In today’s Academic Minute, Dr. Lynsey Romo of North Carolina State University reveals why extreme weight loss can be rough on a romantic relationship.
Lynsey Romo is an assistant professor in the Department of Communication at North Carolina State University. Her research explores how people communicate about uncomfortable issues, specifically those pertaining to health and finances. She has also examined how couples can effectively motivate one another to engage in healthier eating and exercise behaviors. She earned her Ph.D. at the University of Texas at Austin.
In today’s Academic Minute, Dr. David Hsu of the University of Michigan explains how the brain deals with the pain of social rejection.
David Hsu is an assistant professor of psychiatry at the University of Michigan. His research interests include the neuroimaging of mood and anxiety disorders using fMRI and PET scans, the neurobiology of stress in the context of social environments, and the neuroanatomical pathways for emotional responses to stress. He holds a Ph.D. from the University of Wisconsin-Madison.
In today’s Academic Minute, Dr. Susan Fiske of Princeton University reveals what baseball rivalries can teach us about why we sometime take delight in the misfortune of others.
Susan Fiske is the Eugene Higgins Professor of Psychology and Public Affairs at Princeton University. Her research addresses how stereotyping, prejudice, and discrimination are encouraged or discouraged by social relationships, such as cooperation, competition, and power. She holds a Ph.D. from Harvard University.
In a few weeks, we will be announcing the winners of our Third Annual Senior Superlatives to honor the hard work professors from around the world have put into The Academic Minute in the past year. Below are the nominees for the Listener Choice award. If you don’t already have a favorite, take a few moments to listen before heading over to our Facebook page to vote. Voting will close at the end of the day (5pm Eastern) on Thursday, December 12th.
In today’s Academic Minute, Dr. Justin Denney of Rice University reveals the connection between social status and the likelihood of death in a preventable accident.
Justin Denney is an assistant professor of sociology and Associate Director of the Kinder Institute Urban Health Program at Rice University. His primary research is focused on identifying individual and structural conditions that jointly contribute to health and mortality inequalities.
In today’s Academic Minute, Dr. Simone Riehl of the University of Tübingen discusses where and when agriculture arose.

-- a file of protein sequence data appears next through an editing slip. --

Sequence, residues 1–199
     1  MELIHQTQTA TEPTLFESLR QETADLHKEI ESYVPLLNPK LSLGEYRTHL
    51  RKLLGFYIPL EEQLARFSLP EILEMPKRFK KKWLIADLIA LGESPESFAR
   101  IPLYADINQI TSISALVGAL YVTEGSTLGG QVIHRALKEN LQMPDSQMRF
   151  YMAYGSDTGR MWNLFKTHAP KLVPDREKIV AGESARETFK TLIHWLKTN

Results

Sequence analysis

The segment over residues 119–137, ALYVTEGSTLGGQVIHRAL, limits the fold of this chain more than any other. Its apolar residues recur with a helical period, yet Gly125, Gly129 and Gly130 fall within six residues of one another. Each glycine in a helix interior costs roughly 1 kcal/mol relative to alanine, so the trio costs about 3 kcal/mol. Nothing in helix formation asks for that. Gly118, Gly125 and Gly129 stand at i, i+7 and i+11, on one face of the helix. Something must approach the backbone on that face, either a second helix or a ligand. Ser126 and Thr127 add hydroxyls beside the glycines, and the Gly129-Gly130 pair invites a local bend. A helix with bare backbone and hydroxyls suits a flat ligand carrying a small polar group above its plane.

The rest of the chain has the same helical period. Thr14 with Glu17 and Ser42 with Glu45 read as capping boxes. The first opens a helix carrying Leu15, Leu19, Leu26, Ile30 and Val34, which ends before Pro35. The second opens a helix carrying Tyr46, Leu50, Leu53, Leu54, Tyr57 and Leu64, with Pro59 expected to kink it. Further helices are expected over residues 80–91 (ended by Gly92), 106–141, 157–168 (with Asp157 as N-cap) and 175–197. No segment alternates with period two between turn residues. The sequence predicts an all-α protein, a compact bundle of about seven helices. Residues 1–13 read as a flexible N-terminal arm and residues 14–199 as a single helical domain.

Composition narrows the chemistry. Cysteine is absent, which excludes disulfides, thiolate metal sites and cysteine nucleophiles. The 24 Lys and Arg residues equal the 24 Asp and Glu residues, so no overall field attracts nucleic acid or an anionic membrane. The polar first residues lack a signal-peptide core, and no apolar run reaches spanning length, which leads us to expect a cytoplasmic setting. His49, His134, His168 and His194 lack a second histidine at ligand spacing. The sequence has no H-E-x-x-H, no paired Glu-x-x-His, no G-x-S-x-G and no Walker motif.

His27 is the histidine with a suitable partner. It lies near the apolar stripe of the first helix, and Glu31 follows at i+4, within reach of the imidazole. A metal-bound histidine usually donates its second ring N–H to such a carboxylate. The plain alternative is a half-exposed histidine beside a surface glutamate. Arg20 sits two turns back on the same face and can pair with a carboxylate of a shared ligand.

Simone Riehl is a senior researcher in archaeobotany at the Institute for Archaeological Sciences at the University of Tübingen. Her research interests include palaeoethnobotany, the emergence and development of agriculture, and palaeoecology and environmental archaeology of the Middle East. She earned her Ph.D. at the University of Tübingen.
In today’s Academic Minute, Prof. Nancy Prideaux of the University of Texas at Austin reveals the year-long process behind the biggest retail shopping day of the year.
Nancy Prideaux is Director of the UT in NYC program and a senior lecturer in the School of Human Ecology at the University of Texas at Austin. Her research is focused on apparel retail and visual merchandising and she has taught a variety of courses in the Textiles and Apparel curriculum at the University of Texas.
In today’s Academic Minute, Dr. Harvey Markowitz of Washington and Lee University discusses portrayal of Native Americans in Hollywood and a recent high-profile flop.
Harvey Markowitz is an assistant professor sociology and anthropology at Washington and Lee University in Lexington, Virginia. His research examines the inter-relationships among American Indian religions, landscapes, cultures, histories, and identities. He recently co-edited the bookSeeing Red: Hollywood’s Pixeled Skins.
In today’s Academic Minute, Professor Ethan Ham of the City College of New York examines what makes an interesting choice and entertaining game.
Ethan Ham is an associate professor of electronic design and multimedia at the City College of New York. He is also a contemporary artist whose artwork often draws upon his background as a game developer. Prior to entering academia, Ethan worked in the computer game industry for eleven years as a game designer, a game programmer, and a game producer.
In today’s Academic Minute, Dr. Ayalla Ruvio of Michigan State University explains the relationship between stress and compulsive shopping.
Ayalla Ruvio is an assistant professor of marketing at Michigan State University. As an applied consumer behavior researcher, her work focuses on issues such as consumers' decision making regarding new products, identity and consumption, and cross-cultural consumer behavior. Her research has been published in a number of refereed journals and she is co-author of the book Identity and Consumption.